I simultaneously ran my station, floated between the other stations to translate while trying to keep people from stealing glasses. We worked for 10 hours until 6 p.m. There was still a huge crowd but we had to close the doors. I was running on pure adrenaline and didn’t feel tired, but crashed as soon as we got back to the hotel. That day, we saw 600 patients.
Out of that group, about 70 percent had pathologies including complications of inadequate cataract surgery and advanced untreated cataracts, Ta said in an e-mail.
A cataract is an abnormality of the eye, characterized by opacity of the lens.
We also saw many patients with premature cataracts and pterygium, which are both caused by too much exposure to ultraviolet rays from the sun, Roh said.
“This makes sense in farming villages because people work outside and they do not have proper eye protection like sunglasses to wear,” she said.
The following days followed a similar pattern. We had breakfast at 6 a.m. and saw 20 to 30 patients before heading off for the villages.
The trips to the villages took between one and two hours. On the second day, we received more help but since there were hundreds of people waiting, none of our volunteers wanted to stop working. We worked through lunch and only ate desserts brought to us by locals. We saw 500 patients that day.
Every day ran a little smoother, but felt more exhausting. I was also getting frustrated as I saw many people being pushed and shoved over. It was heartbreaking to see old women and children waiting in the rain for us even when they didn’t have a chance to be examined.
One woman brought her 10-year-old granddaughter and begged to let her in. Generally, only people with stamped slips were allowed inside but I let her through anyway. We discovered that she was so near-sighted that she could only see about two inches in front of her face. Her prescription was so high that we had to test her twice to make sure it was accurate. After giving her glasses, she could see almost 20/20.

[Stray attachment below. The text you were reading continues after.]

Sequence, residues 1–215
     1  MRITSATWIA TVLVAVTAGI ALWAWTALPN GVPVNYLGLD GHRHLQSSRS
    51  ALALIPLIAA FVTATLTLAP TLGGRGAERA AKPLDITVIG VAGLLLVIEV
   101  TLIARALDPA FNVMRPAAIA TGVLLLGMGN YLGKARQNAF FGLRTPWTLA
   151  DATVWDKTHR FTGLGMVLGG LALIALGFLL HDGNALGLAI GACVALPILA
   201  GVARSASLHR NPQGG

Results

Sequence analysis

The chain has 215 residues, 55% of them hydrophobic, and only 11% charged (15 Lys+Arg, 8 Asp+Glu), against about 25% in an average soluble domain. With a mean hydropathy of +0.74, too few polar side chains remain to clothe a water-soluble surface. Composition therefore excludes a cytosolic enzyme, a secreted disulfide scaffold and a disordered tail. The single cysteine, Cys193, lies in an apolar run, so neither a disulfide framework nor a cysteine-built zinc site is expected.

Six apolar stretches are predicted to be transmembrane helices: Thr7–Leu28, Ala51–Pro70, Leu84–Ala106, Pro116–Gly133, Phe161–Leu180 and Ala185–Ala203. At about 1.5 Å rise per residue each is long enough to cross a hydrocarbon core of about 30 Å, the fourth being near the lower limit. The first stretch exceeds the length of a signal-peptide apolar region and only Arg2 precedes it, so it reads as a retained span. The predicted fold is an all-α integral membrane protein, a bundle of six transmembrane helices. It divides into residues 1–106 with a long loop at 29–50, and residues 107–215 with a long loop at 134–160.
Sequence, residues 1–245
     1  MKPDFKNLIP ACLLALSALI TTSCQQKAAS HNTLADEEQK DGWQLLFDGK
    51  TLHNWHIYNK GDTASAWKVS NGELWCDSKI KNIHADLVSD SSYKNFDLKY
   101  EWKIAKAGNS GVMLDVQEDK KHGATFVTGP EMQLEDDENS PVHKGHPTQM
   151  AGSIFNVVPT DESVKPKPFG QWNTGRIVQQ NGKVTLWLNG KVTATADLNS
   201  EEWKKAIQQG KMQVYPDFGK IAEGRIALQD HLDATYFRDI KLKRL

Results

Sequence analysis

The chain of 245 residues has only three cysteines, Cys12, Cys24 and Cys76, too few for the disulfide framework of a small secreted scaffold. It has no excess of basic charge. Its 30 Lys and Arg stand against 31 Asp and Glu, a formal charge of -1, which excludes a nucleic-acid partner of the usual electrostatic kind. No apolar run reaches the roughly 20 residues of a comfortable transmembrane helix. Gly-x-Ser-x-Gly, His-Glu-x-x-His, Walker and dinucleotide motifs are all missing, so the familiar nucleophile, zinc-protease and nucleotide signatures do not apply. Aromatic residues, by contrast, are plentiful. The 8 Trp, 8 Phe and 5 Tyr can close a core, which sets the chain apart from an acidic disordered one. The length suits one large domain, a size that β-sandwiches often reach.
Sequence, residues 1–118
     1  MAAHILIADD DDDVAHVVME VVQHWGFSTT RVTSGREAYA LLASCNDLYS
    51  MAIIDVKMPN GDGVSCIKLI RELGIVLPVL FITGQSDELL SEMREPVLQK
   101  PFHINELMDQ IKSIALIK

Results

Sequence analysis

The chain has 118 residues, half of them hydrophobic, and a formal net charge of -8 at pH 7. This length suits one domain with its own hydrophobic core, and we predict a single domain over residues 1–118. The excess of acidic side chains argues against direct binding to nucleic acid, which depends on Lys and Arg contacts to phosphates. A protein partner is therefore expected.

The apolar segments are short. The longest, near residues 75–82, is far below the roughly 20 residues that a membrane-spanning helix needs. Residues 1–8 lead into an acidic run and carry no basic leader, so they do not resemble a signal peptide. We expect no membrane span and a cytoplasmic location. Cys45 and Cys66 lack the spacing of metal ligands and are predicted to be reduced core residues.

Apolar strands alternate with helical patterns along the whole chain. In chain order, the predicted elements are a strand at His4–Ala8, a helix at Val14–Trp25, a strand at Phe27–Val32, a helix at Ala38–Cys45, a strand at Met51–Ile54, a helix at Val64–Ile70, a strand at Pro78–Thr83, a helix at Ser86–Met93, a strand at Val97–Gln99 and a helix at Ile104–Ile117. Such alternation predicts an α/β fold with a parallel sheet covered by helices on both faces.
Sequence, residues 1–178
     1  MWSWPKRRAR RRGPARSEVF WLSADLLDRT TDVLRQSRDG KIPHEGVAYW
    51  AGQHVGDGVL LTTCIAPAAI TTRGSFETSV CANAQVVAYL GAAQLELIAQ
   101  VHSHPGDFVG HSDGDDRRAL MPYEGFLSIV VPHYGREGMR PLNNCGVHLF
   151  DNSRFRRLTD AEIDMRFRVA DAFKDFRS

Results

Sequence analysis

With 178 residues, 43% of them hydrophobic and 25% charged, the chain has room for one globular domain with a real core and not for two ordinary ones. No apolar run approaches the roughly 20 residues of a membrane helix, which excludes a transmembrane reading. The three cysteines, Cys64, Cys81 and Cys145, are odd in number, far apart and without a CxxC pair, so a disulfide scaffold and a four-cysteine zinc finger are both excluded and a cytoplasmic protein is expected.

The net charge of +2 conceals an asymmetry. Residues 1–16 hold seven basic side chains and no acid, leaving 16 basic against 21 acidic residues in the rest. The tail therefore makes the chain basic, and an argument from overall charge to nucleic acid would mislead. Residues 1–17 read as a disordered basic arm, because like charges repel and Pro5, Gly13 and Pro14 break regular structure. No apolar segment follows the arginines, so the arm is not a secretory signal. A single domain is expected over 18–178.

I wasn’t as much tired physically as I was mentally from learning of some of the corruption that took place. The Nguyen Dinh Chieu Hospital officials were charging us money for our charity work, which was eventually paid by a local businessman who helped sponsor our trip. Hospital guards took several glasses and airport officials seized our equipment in hopes for a bribe.
Although those were aspects of the trip I wish I could change, it was nonetheless an experience I am very grateful to have. I realize in a country so poor and torn, corruption is inevitable. Despite the challenges, it was still a successful mission.
In total, we performed 77 cases of surgeries and examined 1,800 patients.
The mission was successful not only for the number of patients we helped but also for meeting their needs as they do not get adequate overall health care, Roh said.
The volunteers‘ generosity also helped to make the project a success, Ta said.
“It was an honor to be among the great volunteers we had,” she said. “They were compassionate, hardworking and stoic under difficult circumstances. They did not mind long hours or a shortage of comforts.“
We plan to return to Vietnam for the next project in 2010.
Before the trip, I thought this mission would help me accomplish one my dreams – to provide eye care for people in need. I know now that this dream may never be accomplished because the need for eye and health care will exist so long as poverty is still in existence. But I also realized that if even one person’s condition of life is made better with my help, then at least I will have the feeling of being accomplished. And this is a feeling I will continue to chase for the rest of my life.
At the end of this mission, I did what I sought to do – see the way Vietnamese people lived. And for many, it was the first time that they could see the way they lived.
If interested in participating in similar missions, visit vosh.org.
THUY TRAN can be reached at email@example.com.